If you needed additional evidence that Apple's (NASDAQ: AAPL) current iPhone product cycle isn't going all that well, the fact that the company continues to aggressively expand its iPhone trade-in program -- which allows prospective iPhone XR and iPhone XS customers to trade in their older iPhones for credit toward their purchases -- should provide it.
As MacRumors reported, on Dec. 21, Apple "extended its limited-time promotion offering extra trade-in credit toward an iPhone XR or iPhone XS to additional countries, including Australia, Canada, Japan, South Korea, the United Kingdom, and the United Arab Emirates." MacRumors later updated its post to say that the promotion is now also available in Austria, Belgium, Germany, France, the Netherlands, Italy, Spain, Sweden, and Switzerland. MacRumors says the offer ends Jan. 31 in China and Japan, but that there's been no end specified for other regions.
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It's not great that Apple needs to do this -- it really looks like a move borne out of desperation -- but it's still probably the right course of action for the iPhone maker. Here's why.
Many believe Apple is facing the problem that iPhone owners are simply holding on to their older devices longer than they had before. When customers aren't buying new devices as frequently -- or, put another way, as the iPhone upgrade cycle lengthens -- sales of newer models slow.
By allowing customers to trade in older iPhones for credit toward newer models, the company is simply making it easier for people who want new devices to go ahead and pull the trigger.
To be clear, those customers could very well sell their old iPhones through a number of means and then apply the proceeds to newer devices. However, there's a lot of friction in going about it that way.
By making it relatively easy for customers to hand over their older iPhones -- as well as some cash -- and get new devices in exchange, Apple could, to some extent, spur upgrades.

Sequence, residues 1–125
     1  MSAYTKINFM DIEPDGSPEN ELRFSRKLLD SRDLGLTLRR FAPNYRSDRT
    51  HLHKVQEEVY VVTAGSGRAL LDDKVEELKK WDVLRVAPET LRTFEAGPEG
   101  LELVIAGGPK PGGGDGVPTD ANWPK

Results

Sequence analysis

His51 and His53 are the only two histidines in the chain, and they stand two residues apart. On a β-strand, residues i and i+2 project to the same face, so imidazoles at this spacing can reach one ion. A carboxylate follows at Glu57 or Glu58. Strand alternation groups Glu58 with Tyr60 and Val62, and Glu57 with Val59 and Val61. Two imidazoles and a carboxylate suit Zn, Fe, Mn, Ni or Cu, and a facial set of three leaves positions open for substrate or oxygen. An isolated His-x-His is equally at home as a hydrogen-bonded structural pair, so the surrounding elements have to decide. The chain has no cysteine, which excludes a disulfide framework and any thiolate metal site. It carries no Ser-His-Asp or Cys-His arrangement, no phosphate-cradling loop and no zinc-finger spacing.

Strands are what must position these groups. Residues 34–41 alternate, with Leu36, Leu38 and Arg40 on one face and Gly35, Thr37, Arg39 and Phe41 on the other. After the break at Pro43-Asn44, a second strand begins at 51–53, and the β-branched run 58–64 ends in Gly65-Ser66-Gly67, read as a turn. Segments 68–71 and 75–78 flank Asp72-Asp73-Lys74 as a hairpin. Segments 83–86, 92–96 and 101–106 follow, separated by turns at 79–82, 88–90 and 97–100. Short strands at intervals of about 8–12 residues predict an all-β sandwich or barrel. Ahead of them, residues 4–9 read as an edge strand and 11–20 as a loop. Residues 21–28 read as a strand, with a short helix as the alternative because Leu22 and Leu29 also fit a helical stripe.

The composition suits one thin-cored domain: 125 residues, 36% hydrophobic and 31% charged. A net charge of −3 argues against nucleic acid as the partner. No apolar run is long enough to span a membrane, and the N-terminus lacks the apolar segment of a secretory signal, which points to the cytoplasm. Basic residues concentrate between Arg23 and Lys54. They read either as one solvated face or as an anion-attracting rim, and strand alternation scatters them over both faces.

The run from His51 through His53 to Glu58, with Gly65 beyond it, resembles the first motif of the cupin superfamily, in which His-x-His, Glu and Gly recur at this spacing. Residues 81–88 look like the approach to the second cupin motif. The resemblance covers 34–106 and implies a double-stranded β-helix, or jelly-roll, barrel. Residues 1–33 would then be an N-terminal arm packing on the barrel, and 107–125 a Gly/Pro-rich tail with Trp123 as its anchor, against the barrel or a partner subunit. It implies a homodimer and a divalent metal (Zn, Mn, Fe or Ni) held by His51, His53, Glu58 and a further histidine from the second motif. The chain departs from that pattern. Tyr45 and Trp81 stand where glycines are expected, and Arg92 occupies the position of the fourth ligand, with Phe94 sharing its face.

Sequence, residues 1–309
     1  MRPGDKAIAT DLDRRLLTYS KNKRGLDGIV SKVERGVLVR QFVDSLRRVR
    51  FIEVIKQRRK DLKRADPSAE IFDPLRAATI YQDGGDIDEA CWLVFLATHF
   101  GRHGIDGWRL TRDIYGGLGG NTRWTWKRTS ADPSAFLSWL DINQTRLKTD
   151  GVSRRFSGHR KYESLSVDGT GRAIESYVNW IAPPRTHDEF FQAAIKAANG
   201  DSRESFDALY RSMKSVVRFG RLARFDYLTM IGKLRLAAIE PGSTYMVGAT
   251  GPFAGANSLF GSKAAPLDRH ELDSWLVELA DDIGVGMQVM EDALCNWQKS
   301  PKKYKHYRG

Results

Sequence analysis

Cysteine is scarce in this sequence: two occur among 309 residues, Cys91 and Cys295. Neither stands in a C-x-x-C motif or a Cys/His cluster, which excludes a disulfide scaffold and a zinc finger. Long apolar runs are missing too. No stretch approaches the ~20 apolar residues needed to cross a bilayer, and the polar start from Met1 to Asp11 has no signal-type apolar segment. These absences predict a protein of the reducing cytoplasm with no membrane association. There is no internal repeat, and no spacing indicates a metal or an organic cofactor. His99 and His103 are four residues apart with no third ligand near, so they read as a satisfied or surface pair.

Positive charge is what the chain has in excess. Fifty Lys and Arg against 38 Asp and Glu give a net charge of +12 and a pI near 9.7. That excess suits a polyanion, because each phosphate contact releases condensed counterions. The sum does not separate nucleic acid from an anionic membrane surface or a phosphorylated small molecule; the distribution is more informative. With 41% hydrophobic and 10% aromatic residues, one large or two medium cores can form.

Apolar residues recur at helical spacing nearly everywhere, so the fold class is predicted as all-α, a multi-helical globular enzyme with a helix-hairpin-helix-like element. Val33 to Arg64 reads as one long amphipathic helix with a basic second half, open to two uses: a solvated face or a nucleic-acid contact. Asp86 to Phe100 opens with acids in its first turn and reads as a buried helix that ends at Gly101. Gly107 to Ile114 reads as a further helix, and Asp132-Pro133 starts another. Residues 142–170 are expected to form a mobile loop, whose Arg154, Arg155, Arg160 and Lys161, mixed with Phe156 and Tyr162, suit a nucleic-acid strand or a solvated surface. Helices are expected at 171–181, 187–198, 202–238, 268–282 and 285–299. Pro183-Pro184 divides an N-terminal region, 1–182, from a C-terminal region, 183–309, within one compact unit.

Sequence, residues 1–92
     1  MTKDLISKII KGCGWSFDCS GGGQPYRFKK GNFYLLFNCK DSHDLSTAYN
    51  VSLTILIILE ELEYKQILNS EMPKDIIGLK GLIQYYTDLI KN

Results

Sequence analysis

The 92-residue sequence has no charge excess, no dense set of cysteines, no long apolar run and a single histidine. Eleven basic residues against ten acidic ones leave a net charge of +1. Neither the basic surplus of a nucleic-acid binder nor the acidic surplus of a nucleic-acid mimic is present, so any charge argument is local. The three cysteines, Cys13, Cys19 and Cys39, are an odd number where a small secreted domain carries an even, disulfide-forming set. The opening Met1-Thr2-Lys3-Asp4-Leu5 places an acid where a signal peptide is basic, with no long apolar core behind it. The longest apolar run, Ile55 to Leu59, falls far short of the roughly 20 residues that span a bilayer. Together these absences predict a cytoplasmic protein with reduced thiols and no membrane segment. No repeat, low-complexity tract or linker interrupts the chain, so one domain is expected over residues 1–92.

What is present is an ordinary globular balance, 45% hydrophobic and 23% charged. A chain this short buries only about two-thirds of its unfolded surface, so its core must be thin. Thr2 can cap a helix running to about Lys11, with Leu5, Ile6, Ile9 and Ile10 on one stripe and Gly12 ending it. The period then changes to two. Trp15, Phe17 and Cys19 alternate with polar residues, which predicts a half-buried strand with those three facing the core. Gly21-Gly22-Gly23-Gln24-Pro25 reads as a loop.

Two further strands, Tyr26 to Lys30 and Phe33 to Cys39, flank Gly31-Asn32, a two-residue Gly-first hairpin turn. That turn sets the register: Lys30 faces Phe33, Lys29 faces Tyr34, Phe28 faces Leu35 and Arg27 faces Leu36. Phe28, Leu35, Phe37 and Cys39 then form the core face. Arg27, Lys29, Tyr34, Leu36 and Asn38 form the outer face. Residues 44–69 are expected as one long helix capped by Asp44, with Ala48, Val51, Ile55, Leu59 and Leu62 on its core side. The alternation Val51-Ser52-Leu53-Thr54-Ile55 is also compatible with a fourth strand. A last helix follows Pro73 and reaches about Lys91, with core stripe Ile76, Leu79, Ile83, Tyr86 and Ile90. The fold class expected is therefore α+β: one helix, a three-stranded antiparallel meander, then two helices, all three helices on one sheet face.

On top of that, by getting customers to interact directly with Apple for the entirety of the process, Apple may increase the odds that customers with older iPhones will stick with iPhone for their next purchases instead of being tempted to go with devices from the competition.
Any business move that encourages customers to accelerate the pace at which they upgrade their devices and ensures that those users stay within its ecosystem looks like a smart one for Apple.
A tactic, not a strategy
But over the long term, Apple's going to need to do better to generate interest in its latest iPhones if it wants to grow -- or even simply maintain -- iPhone shipments and revenue. All of the trade-in stuff that Apple is doing isn't something that's part of a robust long-term growth strategy. It comes off as a short-term tactical move designed to compensate for poorer-than-expected demand for its latest iPhones.
It's not my job to figure out what Apple needs to do in order to get iPhone unit shipments -- a figure that Apple recently decided it doesn't need to disclose to shareholders any longer -- and revenue on a sustainable growth path. That's on the decision-makers at the company.
However, if Apple can't crack that puzzle within the next couple of iPhone product cycles, that doesn't seem like it'll be a good thing for Apple's overall business -- which continues to rely substantially on the performance of the iPhone -- and, ultimately, its share price.
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Ashraf Eassa has no position in any of the stocks mentioned. The Motley Fool owns shares of and recommends Apple. The Motley Fool has the following options: long January 2020 $150 calls on Apple and short January 2020 $155 calls on Apple. The Motley Fool has a disclosure policy.